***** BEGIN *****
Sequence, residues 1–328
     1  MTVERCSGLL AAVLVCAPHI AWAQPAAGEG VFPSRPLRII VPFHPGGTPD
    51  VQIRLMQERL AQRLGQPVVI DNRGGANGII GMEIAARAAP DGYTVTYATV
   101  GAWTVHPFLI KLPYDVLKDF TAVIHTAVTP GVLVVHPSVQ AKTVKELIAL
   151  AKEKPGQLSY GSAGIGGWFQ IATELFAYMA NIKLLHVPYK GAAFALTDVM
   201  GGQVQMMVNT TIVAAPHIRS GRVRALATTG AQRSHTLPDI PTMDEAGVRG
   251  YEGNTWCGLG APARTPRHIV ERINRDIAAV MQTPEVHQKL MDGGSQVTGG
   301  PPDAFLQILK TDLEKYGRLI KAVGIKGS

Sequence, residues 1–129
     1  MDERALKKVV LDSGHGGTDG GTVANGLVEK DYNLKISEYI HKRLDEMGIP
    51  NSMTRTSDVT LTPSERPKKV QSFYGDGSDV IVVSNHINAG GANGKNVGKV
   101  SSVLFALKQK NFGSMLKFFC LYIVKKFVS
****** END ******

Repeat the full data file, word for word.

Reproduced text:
Sequence, residues 1–328
     1  MTVERCSGLL AAVLVCAPHI AWAQPAAGEG VFPSRPLRII VPFHPGGTPD
    51  VQIRLMQERL AQRLGQPVVI DNRGGANGII GMEIAARAAP DGYTVTYATV
   101  GAWTVHPFLI KLPYDVLKDF TAVIHTAVTP GVLVVHPSVQ AKTVKELIAL
   151  AKEKPGQLSY GSAGIGGWFQ IATELFAYMA NIKLLHVPYK GAAFALTDVM
   201  GGQVQMMVNT TIVAAPHIRS GRVRALATTG AQRSHTLPDI PTMDEAGVRG
   251  YEGNTWCGLG APARTPRHIV ERINRDIAAV MQTPEVHQKL MDGGSQVTGG
   301  PPDAFLQILK TDLEKYGRLI KAVGIKGS

Sequence, residues 1–129
     1  MDERALKKVV LDSGHGGTDG GTVANGLVEK DYNLKISEYI HKRLDEMGIP
    51  NSMTRTSDVT LTPSERPKKV QSFYGDGSDV IVVSNHINAG GANGKNVGKV
   101  SSVLFALKQK NFGSMLKFFC LYIVKKFVS